Keep in mind how the filament spools are mounted. This will come into play later on. Image from https://vertex3dprinter.eu/producten/vertex/ .

Still, it has totally and fundamentally changed how the kids and I approach our projects. I’ve spent two years tinkering with the Vertex and have swapped out many of the proprietary parts for standard ones, parts so standardized that four years after the Vertex was released, they now cost pennies on AliExpress. You can learn a little more about the overhaul in a series of vlogs over on the YouTube channel, at youtube.com/lovemakesharetv.  I could go on and on about the tinkering we’ve done, but the big takeaway is this – in the past two years, its status has gone from half-working curiosity to semi-reliable to total lemon to, at long last, feature- and quality-competitive with many new mass-market printers.  

So the printer works well. In getting there, it’s bred an instinct in me where I tinker and improve and upgrade and am constantly, constantly looking for opportunities to improve. It’s like I’ve said to people getting into 3D printing – it’s as much a lifestyle as it is a tool. And I think it’s a very positive lifestyle, one defined by curiosity and a growth mindset.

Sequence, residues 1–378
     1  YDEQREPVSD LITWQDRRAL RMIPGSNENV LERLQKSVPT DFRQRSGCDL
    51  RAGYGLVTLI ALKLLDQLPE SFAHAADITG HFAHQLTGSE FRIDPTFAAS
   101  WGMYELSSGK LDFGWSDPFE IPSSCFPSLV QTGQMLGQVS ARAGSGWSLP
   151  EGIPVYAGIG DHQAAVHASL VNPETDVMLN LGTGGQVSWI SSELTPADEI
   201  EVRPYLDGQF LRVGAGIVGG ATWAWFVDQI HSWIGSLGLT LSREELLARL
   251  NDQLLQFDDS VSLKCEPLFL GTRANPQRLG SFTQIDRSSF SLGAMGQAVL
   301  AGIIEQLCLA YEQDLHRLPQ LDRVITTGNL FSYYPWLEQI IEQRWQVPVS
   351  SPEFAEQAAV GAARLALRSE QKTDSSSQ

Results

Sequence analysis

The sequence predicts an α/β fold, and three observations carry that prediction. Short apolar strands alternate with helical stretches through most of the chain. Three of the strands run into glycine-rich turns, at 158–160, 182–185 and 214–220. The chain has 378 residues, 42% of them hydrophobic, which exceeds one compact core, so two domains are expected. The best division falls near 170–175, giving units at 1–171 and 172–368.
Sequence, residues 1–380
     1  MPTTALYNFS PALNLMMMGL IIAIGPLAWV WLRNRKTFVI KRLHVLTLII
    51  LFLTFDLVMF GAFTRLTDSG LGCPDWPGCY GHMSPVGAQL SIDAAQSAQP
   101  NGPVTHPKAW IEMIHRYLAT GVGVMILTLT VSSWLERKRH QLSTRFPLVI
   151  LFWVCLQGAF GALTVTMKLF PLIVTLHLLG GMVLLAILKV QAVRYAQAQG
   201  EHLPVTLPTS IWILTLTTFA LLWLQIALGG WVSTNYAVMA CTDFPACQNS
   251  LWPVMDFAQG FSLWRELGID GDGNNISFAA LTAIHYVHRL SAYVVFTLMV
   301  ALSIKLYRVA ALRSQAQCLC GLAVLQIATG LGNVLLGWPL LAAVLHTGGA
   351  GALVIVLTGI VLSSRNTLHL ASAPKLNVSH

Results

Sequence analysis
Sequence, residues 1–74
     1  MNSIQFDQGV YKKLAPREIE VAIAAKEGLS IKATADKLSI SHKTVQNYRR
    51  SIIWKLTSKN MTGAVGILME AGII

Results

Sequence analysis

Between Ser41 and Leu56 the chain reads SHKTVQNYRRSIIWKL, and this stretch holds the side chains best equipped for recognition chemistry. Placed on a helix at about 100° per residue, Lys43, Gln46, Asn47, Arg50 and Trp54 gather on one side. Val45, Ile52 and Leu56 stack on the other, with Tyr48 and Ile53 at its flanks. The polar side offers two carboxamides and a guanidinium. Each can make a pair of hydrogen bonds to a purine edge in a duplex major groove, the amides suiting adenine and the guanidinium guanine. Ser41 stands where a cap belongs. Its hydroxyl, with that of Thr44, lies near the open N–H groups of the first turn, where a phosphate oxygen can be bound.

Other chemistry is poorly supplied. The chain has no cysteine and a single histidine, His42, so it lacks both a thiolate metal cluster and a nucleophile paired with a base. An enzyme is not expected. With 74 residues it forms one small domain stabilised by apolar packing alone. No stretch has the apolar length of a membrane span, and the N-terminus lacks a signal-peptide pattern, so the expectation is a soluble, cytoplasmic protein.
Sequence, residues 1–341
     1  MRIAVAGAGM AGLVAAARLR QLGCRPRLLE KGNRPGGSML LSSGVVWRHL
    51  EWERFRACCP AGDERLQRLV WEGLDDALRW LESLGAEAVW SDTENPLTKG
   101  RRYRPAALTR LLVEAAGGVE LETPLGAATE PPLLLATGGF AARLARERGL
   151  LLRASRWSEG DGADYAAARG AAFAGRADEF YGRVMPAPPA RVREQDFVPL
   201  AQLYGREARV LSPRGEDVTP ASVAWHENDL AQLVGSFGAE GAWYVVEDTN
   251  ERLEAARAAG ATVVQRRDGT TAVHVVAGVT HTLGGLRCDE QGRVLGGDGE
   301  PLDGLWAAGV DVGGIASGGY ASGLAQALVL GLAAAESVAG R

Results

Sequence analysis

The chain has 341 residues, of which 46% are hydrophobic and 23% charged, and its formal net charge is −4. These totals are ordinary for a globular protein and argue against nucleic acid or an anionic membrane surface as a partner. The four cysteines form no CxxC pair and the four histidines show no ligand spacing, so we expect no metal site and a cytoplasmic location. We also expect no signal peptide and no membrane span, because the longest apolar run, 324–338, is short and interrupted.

So where did I get into trouble? What was the project that made me decide, once and for all, that I was tired of hearing makers talk about failure all the time?

The DIY Master Spool

There’s one other 3D printing concept we need to talk about briefly before we get to the point. Filament for these printers comes on big spools, like spools of thread. The spools themselves – usually made of plastic – add a lot of weight and cost and waste to the 3D printing process. They make filament more expensive to buy and to ship.

filament spool
An empty filament spool. That’s a lot of waste, on top of everything else.